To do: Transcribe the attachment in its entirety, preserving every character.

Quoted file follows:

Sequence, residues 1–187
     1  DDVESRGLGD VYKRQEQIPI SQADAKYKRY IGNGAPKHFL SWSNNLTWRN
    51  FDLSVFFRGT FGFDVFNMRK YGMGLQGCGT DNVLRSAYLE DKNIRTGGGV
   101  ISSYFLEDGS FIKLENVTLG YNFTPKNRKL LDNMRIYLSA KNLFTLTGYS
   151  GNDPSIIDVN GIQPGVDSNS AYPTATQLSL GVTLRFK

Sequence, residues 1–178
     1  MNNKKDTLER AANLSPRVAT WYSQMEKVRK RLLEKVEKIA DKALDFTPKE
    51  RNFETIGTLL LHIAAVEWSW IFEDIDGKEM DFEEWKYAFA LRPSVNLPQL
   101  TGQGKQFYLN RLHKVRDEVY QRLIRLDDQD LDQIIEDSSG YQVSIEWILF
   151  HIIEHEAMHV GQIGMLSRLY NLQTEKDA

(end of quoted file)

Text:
Sequence, residues 1–187
     1  DDVESRGLGD VYKRQEQIPI SQADAKYKRY IGNGAPKHFL SWSNNLTWRN
    51  FDLSVFFRGT FGFDVFNMRK YGMGLQGCGT DNVLRSAYLE DKNIRTGGGV
   101  ISSYFLEDGS FIKLENVTLG YNFTPKNRKL LDNMRIYLSA KNLFTLTGYS
   151  GNDPSIIDVN GIQPGVDSNS AYPTATQLSL GVTLRFK

Sequence, residues 1–178
     1  MNNKKDTLER AANLSPRVAT WYSQMEKVRK RLLEKVEKIA DKALDFTPKE
    51  RNFETIGTLL LHIAAVEWSW IFEDIDGKEM DFEEWKYAFA LRPSVNLPQL
   101  TGQGKQFYLN RLHKVRDEVY QRLIRLDDQD LDQIIEDSSG YQVSIEWILF
   151  HIIEHEAMHV GQIGMLSRLY NLQTEKDA